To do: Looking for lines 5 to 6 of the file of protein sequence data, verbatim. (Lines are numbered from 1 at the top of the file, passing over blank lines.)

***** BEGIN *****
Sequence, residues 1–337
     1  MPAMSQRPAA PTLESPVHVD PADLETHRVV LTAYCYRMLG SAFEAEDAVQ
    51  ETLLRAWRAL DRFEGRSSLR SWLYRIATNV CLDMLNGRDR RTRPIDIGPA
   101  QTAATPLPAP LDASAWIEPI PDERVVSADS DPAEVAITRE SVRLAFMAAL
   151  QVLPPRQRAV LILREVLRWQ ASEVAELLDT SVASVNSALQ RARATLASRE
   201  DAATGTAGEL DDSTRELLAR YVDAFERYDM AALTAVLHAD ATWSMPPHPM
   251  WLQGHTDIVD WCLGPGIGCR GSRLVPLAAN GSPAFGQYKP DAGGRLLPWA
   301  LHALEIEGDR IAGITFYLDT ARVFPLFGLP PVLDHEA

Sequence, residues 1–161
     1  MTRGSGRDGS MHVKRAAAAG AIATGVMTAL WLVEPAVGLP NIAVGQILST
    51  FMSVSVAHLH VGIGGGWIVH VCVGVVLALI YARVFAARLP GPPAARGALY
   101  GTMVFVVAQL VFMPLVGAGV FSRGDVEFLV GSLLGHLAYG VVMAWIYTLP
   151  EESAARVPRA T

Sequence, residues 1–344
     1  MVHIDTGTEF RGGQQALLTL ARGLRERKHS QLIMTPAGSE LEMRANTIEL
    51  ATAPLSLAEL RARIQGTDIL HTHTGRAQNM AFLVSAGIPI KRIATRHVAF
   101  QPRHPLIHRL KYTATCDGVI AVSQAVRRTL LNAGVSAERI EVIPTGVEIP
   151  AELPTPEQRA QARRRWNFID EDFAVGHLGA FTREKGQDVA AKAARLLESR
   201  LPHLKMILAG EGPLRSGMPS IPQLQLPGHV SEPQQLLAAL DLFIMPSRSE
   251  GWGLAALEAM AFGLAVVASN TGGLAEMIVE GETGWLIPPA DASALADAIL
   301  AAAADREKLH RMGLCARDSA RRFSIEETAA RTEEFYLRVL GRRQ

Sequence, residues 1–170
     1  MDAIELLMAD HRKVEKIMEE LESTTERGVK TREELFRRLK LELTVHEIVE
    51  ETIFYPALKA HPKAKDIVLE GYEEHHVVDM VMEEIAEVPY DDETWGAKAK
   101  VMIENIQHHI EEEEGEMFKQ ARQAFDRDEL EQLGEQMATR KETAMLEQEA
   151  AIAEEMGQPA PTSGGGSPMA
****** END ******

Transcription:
   151  QVLPPRQRAV LILREVLRWQ ASEVAELLDT SVASVNSALQ RARATLASRE
   201  DAATGTAGEL DDSTRELLAR YVDAFERYDM AALTAVLHAD ATWSMPPHPM